Disposable rain jackets and umbrellas can be purchased very cheaply in Bali so save the space in your suitcase and just head to the local market when you arrive to stock up. If you happen to be sitting down in a restaurant or at a warung in the street when the rain starts, you will notice that opportunistic locals selling umbrellas and rain jackets will arrive just in the nick of time. These will be a little pricier than those sold at the markets but when you need an umbrella, you need an umbrella, and this service will seem like a gift from the rain gods themselves.
Pack light clothes in breathable fabrics. We suggest bringing clothes made out of cotton, silk or linen as they are cool and suitable for Bali’s humid conditions. On top of this, they also dry quickly which is always helpful during the wet season. Avoid wearing tight clothing that will make you chafe and sweat and always carry a hat and sunscreen with you to protect you from the merciless sun.
T-shirts and flip flops (”thongs” for Australians) are fine to wear on the streets and around most tourist areas but if you intend on visiting a sacred temple, attending a local religious ceremony or visiting a Balinese family, it is important you dress modestly and follow local customs. If you’re taking a day trip to a temple, sarongs and scarfs can usually be purchased or rented for a small charge but you should find out beforehand as every temple is different. It is important to cover up your body particularly your shoulders and chest area, and you will always be required to remove your shoes.
If a woman is pregnant or has given birth in the six weeks prior, she should not enter the temple as it is considered impure. This a regulation held throughout Indonesia and is not unique to Balinese temples alone but to all Islamic mosques; an important note to remember should you be heading to Lombok or any other Indonesian island that does not practice Hinduism as the main religion.
Dry season- May to September
The dry season, Bali’s version of summer, occurs between the months of May and September. It is the favoured half of the year for both locals and tourists alike boasting bright sunny days, lower humidity levels compared to the wet season and, of course, very little rain.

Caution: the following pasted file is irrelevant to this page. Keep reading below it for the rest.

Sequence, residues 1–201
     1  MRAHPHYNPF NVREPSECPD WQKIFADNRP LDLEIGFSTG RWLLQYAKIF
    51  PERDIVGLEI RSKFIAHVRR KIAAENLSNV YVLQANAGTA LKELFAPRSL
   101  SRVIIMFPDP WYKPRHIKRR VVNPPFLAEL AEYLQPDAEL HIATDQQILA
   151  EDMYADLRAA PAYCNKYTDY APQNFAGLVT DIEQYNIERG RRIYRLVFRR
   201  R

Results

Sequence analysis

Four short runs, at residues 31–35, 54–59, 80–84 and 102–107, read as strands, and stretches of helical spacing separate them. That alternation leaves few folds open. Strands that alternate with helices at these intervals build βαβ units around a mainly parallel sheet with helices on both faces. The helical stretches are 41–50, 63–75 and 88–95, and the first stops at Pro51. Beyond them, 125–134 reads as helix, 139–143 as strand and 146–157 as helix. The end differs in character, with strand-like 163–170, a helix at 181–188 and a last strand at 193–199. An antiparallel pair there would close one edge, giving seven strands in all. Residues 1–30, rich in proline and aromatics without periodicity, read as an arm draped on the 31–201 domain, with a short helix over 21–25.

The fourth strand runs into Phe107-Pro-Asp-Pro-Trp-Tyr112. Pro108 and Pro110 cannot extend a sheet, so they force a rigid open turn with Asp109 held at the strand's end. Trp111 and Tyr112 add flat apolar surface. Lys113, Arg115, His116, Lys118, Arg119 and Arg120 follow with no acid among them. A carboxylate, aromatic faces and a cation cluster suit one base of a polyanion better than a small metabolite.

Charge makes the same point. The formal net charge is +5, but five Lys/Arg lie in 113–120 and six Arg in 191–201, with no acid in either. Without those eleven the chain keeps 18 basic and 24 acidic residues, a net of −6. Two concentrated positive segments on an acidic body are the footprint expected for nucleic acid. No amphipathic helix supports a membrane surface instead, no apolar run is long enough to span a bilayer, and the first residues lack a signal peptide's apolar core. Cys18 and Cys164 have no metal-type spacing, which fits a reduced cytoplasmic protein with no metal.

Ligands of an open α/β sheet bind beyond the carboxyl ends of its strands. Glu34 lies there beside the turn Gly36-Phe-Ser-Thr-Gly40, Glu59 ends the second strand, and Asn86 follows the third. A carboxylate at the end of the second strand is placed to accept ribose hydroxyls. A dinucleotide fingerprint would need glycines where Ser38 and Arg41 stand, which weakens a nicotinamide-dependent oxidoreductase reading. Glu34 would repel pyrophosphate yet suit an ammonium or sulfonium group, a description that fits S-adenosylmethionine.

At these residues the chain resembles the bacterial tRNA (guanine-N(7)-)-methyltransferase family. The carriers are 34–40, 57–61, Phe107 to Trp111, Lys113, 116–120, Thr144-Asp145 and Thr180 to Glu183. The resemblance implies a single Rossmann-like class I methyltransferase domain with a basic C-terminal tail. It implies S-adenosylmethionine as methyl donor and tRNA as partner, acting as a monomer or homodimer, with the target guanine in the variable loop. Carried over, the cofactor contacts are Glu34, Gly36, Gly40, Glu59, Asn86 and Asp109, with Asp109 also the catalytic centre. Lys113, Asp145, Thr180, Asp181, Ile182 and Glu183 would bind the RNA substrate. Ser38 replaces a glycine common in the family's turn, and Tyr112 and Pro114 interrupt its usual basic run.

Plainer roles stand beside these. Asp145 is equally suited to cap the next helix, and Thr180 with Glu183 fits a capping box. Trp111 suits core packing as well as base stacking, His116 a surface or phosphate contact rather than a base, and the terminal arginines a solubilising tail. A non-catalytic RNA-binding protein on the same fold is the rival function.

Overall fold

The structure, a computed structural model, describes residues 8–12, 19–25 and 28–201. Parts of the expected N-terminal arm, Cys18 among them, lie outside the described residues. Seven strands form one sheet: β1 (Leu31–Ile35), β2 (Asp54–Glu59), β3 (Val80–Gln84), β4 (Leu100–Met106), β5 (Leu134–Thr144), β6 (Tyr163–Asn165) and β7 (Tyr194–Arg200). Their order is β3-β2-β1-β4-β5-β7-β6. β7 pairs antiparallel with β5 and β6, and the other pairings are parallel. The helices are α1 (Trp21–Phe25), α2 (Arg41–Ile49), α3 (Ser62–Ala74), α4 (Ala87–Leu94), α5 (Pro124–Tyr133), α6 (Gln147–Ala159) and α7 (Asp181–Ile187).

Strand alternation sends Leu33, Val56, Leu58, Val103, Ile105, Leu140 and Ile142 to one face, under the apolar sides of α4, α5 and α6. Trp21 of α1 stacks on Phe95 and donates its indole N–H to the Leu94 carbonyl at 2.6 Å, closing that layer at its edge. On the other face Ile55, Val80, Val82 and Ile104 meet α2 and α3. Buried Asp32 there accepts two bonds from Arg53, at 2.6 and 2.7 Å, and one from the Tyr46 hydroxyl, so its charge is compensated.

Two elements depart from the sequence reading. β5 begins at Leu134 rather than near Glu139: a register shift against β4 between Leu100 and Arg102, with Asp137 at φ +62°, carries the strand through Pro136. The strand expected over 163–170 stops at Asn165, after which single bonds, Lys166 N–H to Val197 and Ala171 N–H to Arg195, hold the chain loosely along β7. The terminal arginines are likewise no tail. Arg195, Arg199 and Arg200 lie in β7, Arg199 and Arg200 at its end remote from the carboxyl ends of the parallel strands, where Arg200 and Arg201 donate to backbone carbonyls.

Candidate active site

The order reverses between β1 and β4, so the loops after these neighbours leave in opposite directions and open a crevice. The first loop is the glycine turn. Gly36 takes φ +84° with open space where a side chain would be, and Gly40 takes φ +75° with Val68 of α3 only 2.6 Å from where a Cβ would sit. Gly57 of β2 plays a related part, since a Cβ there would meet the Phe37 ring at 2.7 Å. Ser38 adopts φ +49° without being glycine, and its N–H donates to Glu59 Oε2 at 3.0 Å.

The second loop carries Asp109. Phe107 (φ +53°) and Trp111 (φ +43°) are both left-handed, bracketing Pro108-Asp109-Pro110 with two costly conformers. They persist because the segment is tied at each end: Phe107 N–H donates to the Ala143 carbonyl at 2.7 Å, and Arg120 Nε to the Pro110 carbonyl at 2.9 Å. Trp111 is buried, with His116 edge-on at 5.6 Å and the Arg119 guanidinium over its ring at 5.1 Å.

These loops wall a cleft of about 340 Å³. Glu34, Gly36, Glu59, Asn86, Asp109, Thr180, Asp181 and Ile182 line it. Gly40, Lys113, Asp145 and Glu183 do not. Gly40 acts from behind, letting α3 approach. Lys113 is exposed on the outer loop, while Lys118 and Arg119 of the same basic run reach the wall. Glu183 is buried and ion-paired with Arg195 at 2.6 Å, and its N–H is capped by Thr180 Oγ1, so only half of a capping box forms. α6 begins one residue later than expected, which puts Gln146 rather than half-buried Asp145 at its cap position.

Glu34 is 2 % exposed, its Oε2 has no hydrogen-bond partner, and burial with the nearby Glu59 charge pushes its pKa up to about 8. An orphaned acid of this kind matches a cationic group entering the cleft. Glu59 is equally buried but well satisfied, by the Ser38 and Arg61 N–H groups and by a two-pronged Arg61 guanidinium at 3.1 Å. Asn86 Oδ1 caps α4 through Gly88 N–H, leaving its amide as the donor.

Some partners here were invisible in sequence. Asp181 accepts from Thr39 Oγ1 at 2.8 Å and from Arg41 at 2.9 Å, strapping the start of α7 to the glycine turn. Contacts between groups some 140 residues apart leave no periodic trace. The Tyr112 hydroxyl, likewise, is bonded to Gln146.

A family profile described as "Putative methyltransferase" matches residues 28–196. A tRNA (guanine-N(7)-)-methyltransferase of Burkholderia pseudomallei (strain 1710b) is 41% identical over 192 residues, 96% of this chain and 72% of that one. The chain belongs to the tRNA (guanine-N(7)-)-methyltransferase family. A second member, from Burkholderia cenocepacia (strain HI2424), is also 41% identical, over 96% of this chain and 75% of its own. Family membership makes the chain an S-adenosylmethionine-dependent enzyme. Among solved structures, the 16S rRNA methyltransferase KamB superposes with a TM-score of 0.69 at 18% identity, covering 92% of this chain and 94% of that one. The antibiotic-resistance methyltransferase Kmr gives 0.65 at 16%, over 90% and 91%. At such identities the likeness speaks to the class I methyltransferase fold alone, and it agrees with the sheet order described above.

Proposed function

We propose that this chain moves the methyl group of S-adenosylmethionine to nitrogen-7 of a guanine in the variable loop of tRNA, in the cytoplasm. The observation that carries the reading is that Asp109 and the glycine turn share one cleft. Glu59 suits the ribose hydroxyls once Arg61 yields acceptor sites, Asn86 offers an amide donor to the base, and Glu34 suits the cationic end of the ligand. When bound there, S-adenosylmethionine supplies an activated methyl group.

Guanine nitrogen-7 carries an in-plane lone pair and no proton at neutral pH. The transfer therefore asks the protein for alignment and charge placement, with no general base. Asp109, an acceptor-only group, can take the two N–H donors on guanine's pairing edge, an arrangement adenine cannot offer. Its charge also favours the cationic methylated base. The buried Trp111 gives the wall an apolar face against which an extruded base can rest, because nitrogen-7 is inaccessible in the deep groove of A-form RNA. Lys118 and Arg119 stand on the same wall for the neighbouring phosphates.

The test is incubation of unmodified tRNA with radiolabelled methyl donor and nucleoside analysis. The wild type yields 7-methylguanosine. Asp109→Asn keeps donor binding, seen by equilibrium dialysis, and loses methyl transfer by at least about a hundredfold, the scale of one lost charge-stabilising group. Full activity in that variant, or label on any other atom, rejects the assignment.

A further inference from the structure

The dry season is an extremely popular time for people to explore Bali, particularly throughout July and August as this time coincides with the Australian winter and the school holiday season.
It’s the perfect time to explore the island by day and enjoy candlelight dinners on the beach by night.
Weather in Bali in May
May tends to be one of Bali’s cooler months, but for those that are visiting from anywhere that experiences a real winter, it will seem comfortably warm. The average temperature is 28ºC and while this may not seem drastically different from the rest of the year, you will find that locals and long-term expats talk of turning down the AC at night and having to put jackets on. Cut them some slack though, compared to the high humidity and intense heat of the wet season, May feels like a winter wonderland.
Weather in Bali in June
Humidity levels are at their lowest from June until October and so Bali experiences some of its lowest temperatures.
The month of June is host to the famous Bali Arts Festival. The month long celebration of Indonesian culture includes performances held at the Bali Art Centre in Denpasar as well as the Bali Kite festival and sees many people head to the island to experience its unique culture and festivities.
Things pick up in June as thousands of tourists scurry to the island for the start of the busiest holiday season of the year, the July-August period.
Weather in Bali in July
The weather in July in Bali continues to be relatively cool and comfortable, making it a very desirable time to jump on a plane and explore the island.
Skies are almost always blue and it is the perfect time to try your hand at water sports or to have an outdoor dinner by the beach.
Weather in Bali in August
August is Bali’s driest month and so rain is not something you will have to worry about. With a monthly average rainfall of 40 millilitres that occurs over roughly three days, August is the perfect month to maximise your outdoor time in Bali.
It will be hot during the day so don’t forget to lather on the sunscreen. Evenings in August and all throughout the dry season enjoy beautiful breezes, making it a lovely time to sit outside and enjoy a meal.
Weather in Bali in September
The weather in September in Bali is characterised by sunny picturesque days, great for sunbathing or doing a spot of holiday shopping and on average, sees highs of between 30ºC to 32ºC. With nine hours of sunshine per day, it is many people’s preferred time to visit Bali. If it does rain, it is usually very little (about 90 millilitres on average for the entire month) and occurs in the late afternoon or evening.
As September follows the peak July-August period, prices are generally reduced.
Dry Season: what to wear
The dry season can get quite chilly during the evenings so it is important to pack at least one jacket and a good pair of socks. You won’t regret it, especially if you’re staying on higher ground or in the central mountain areas of Bali.